Welcome back to our Q&A session this week about all things sleep! I hope I’ve gotten to your questions this week. Keep striving to sleep better and, thank you for allowing me to be of assistance!
Q: At one point in my life my sleeping pattern annoyingly changed. From then on I have been waking up early in the morning, but just for a few seconds then I fall asleep again. The waking up happens about 4 to 5 times after the first wake, periodically about 30 minutes to 1 hour apart. It’s quite a nuisance since I feel that it does make me feel a bit tired through the day. What do you think is wrong with me?
A: It sounds like a form of narcolepsy, do you mind me asking: Was this a traumatic event that occurred and after that this occurred? (No need to explain the event, just traumatic or no, if you don’t mind.) Do you have any physical symptoms that go along with it, such as a knee jerk or a physical movement? — Without answering those questions, the base level issue sounds like not being able to sleep through the night. You could help to tip the scale in your favor by making sure your sleep environment is as dark as possible, making sure no electronics are present in the room (TV, cell phone, computer, etc), by cutting off caffeine and sugary foods at 2PM and possibly by meditating or praying for up to 30 minutes before bedtime. However, if a form of narcolepsy or other serious sleep disorder is present, these may not fix the problem. If those tips don’t help, please don’t hesitate to see a licensed physician for more recommendations.
Q: It is very rare that I wake up from sleeping (eight to ten hours) and actually feel refreshed. I have for the longest time woken up and felt groggy and tired. I naturally assumed this was how everyone felt when they slept and awoken, but past girlfriends have told me this is severely abnormal. In fact, a recent girlfriend has informed me that I could very well have sleep apnea (she often observes me when I am sleeping). My question is, what can I do to improve my sleep cycle? I workout five days a week, I eat healthy, and I have a pretty low stress lifestyle. I’m not sure what other methods I could use to help alleviate my problem.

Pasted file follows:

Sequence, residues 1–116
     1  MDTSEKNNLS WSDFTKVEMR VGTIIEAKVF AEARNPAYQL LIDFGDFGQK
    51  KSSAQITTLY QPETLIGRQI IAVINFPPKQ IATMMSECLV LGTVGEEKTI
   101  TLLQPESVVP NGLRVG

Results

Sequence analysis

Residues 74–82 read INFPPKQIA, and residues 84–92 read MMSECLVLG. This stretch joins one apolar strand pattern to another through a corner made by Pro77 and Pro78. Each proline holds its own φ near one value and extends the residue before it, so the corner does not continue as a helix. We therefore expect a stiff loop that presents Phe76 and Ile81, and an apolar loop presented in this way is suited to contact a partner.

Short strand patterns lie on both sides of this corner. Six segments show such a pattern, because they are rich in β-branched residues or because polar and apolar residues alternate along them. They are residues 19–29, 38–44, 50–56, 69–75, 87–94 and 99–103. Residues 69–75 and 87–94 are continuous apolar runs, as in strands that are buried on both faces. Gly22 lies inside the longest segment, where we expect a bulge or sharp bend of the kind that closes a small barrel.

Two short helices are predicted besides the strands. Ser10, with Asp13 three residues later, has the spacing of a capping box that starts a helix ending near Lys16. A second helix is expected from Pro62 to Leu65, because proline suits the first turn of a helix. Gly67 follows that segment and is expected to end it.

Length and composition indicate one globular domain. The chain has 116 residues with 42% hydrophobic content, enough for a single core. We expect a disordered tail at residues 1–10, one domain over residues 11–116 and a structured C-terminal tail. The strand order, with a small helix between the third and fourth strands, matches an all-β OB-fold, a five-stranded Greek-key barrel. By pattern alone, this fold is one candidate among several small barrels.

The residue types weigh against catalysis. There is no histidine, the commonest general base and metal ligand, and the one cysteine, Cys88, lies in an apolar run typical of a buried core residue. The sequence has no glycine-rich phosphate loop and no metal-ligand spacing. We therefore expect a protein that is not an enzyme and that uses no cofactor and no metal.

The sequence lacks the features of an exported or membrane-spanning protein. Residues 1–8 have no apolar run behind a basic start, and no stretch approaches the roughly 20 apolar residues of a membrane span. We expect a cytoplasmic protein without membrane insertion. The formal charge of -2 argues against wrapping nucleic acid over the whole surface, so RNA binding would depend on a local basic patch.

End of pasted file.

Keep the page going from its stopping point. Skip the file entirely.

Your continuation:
A: To be honest, I highly advise going to a certified sleep clinic and talking to a medical professional about why you are waking up more tired than when you went to sleep. It is quite possible that you have sleep apnea. Please keep in mind, sleep apnea is not a sleep disorder which is limited to certain groups of people.
Q: I really hope you see this because I don’t have the insurance needed to afford a sleep study. I am a bit of a fitful sleeper. I think I have a bit of apnea, but that’s not my problem. My problem is that sometimes (at least once a month, sometimes days in a row) I will wake up from a nightmare with the most unspeakably excruciating head and neck pain. I can’t even lift my head. My heart will be going a million miles an hour and the back of my neck is nearly immobile with pain that radiates all over my head. This absolutely always accompanies a horrible nightmare, though the nightmare itself may just be a result of the pain while being asleep. When this happens I usually wake up with my neck jammed backward down off the pillow into my back. I tried getting a neck supporting memory pillow, but I slide right off that one too. Also, this is more likely to occur when I sleep in baggy clothes or loose bunched up sheets. What the heck is my problem?
A: That sounds like a very serious problem, and I cannot give you a definitive effort, but it sounds a lot like night terrors. What happens is that a nightmare can be so vivid that the body comes out of sleep paralysis and physically contorts, which may explain the neck and head pain. The problems you are suffering sound less like sleep related issues, and more of a habit or psychological problem. Nightmares can be triggered by any number of things including, medicines, environment, foods, and habits, but typically nightmares are a psychological stemming issue. The best advice I could give would be to see a sleep specialist. Your circumstances sounds severe and in need of attention. Best of luck and I hope your problems are resolved soon!
I genuinely love what I do and I’m glad you to be able to answer your question or point you in the right direction. Sleep affects every area of our lives. If you aren’t feeling well or performing your best, ask yourself, “Did I get enough sleep last night?”